May 29, 2020
The European Union Aviation Safety Agency (EASA)’s recently published draft opinion on the future of U-space in Europe embodies a foundational principle of the aviation industry: the sky is a shared resource that, when overseen safely and fairly, promises profound benefit to all. The EASA framework offers a path for Europe’s aviation infrastructure to leverage new technologies and make air transport smarter, safer, and universally accessible.
While we do see opportunities to work with the European Commission and Member States to continue refining the draft--including opportunities to enhance automation and improve interoperability among U-space stakeholders--the proposal itself represents a significant step for the advancement of unmanned aircraft systems.
Digital and distributed architecture: a distributed system of U-space service providers (USSP) improves reliability, drives automation, and ensures the system can scale with the growth of drone operations.
Competitive marketplace: an ecosystem of multiple and diverse USSPs can develop innovative capabilities that meet the needs of diverse drone operators and support future applications for unmanned aviation.
European harmonization: a consistent approach to U-space across Europe ensures a reliable framework for operators to access the skies and a safer European airspace for manned and unmanned pilots alike.
The volume and diversity of drone operations to come would put tremendous strain on the current air traffic management system. There will be more aircraft, flying in more places, on-demand, with more unique form factors, and types of missions than we’ve ever seen before.
To support this scale, EASA acknowledges the value of an open and competitive marketplace. An ecosystem of multiple and diverse USSPs will develop innovative services that meet the needs of diverse UAS operators and enable future applications for unmanned aviation.
that offer highly automated services like automated flight authorizations, remote identification compliance and strategic deconfliction to help support diverse drone operators.
to enable USSPs to share information digitally in real time for purposes including deconfliction and remote identification.
to ensure USSP compliance with performance-based rules.
For example, Wing’s OpenSky will be just one of the many applications that will exist to enable drone operators to safely navigate the sky. While each USSP will rest on the foundational principles of operation and safety set by regulators, future air traffic management solutions will be developed and optimized for the breadth of operations that unmanned aviation brings.
This approach also shifts the cost of infrastructure to industry and promotes common standards for operations on a global scale.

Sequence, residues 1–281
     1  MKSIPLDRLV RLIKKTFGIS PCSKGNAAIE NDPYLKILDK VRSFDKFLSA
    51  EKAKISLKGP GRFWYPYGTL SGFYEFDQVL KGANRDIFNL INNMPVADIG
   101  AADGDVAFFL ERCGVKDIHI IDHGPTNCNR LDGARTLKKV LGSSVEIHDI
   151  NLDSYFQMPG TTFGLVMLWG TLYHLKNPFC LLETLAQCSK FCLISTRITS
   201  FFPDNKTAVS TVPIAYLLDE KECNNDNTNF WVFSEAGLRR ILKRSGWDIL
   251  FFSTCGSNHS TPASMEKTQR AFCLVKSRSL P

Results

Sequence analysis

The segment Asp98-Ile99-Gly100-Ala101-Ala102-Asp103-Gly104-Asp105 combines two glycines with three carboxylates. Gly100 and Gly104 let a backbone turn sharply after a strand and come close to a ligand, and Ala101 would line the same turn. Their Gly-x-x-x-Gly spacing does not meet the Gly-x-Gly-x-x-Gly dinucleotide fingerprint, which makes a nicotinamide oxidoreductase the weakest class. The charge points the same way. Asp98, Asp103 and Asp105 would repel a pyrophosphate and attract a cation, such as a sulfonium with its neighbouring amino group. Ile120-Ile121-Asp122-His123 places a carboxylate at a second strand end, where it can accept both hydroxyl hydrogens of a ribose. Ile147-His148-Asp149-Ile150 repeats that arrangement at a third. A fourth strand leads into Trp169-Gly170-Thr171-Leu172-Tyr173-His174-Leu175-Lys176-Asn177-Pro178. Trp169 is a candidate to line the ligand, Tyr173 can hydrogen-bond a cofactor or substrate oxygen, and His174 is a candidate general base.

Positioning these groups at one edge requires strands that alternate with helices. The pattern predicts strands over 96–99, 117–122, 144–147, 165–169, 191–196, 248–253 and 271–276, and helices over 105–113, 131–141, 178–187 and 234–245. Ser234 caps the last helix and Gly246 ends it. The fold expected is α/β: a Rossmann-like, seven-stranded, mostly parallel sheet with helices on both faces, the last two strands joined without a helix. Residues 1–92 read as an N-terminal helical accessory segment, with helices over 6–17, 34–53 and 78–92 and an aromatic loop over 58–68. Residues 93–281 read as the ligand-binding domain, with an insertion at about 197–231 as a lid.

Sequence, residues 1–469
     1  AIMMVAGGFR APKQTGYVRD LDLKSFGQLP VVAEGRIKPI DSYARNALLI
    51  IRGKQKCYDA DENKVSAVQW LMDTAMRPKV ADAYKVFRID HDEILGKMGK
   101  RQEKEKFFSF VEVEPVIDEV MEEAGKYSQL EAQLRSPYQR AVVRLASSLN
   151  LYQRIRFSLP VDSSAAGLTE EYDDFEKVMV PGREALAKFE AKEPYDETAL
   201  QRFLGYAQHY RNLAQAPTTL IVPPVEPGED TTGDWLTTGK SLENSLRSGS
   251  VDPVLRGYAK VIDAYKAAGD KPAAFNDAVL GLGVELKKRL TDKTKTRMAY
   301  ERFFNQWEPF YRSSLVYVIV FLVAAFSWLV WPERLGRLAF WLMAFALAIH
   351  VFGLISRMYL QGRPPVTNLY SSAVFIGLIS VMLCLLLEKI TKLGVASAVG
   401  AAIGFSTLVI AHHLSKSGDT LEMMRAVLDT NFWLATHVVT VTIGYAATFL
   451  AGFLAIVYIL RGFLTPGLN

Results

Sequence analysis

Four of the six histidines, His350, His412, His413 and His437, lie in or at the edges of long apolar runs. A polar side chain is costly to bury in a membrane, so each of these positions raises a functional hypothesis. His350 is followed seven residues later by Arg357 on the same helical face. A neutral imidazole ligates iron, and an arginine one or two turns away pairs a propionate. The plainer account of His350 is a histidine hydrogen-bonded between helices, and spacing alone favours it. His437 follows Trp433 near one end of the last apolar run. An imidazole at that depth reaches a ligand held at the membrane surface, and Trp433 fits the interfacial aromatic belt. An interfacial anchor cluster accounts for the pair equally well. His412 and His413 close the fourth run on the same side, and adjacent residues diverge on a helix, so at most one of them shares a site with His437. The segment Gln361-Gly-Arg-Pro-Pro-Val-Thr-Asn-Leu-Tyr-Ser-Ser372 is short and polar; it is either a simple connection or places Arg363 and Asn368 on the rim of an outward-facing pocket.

The opinion published last month is a practical step toward regulations that will allow the industry to grow in a safe, responsible way today, and lay the groundwork for supporting the volume and scale that is to come.
Like the FAA’s UTM Concept of Operations, we believe that EASA’s support for conflict detection through the flight authorisation service recognizes the ability of USSPs and the U-space ecosystem to enable safe operations today. By taking this pragmatic approach, this opinion lays the foundation for USSPs, like OpenSky, to begin integrating UAS in the European airspace while providing a path for innovation in U-space and drone operations in the future.
We believe the EASA framework is guided by the right foundational beliefs, we support the outlined approach to airspace regulation, and look forward to working with regulators, lawmakers and member state representatives to refine both this initial framework in the coming months and the more detailed rules to come in the years ahead.
Wing’s perspective on U-space is informed by our experience with drone delivery services as a safer, faster and cleaner alternative to ground delivery. Since 2012, Wing has successfully completed over 100,000 flights across North America, Europe, and Australia, including thousands of deliveries to customers. Drone delivery is among a range of commercial drone applications that, at scale, promise to make a profoundly positive impact on local economies, environments and public health and safety.
In order to realize these transformative effects, Wing is invested in building technology, creating standards and investing in research that will support the air traffic management ecosystem of the future. Wing’s UTM service, OpenSky, has been demonstrated worldwide through work with the Federal Aviation Administration in the United States, Switzerland’s U-space Implementation Program, France’s U-space Together Program, and is currently a part of the UTM ecosystem created by the Civil Aviation Safety Authority in Australia,
These real-world experiences are helping to promote a safe, open, and secure airspace for all users, and continue to shape our vision for the future of U-space.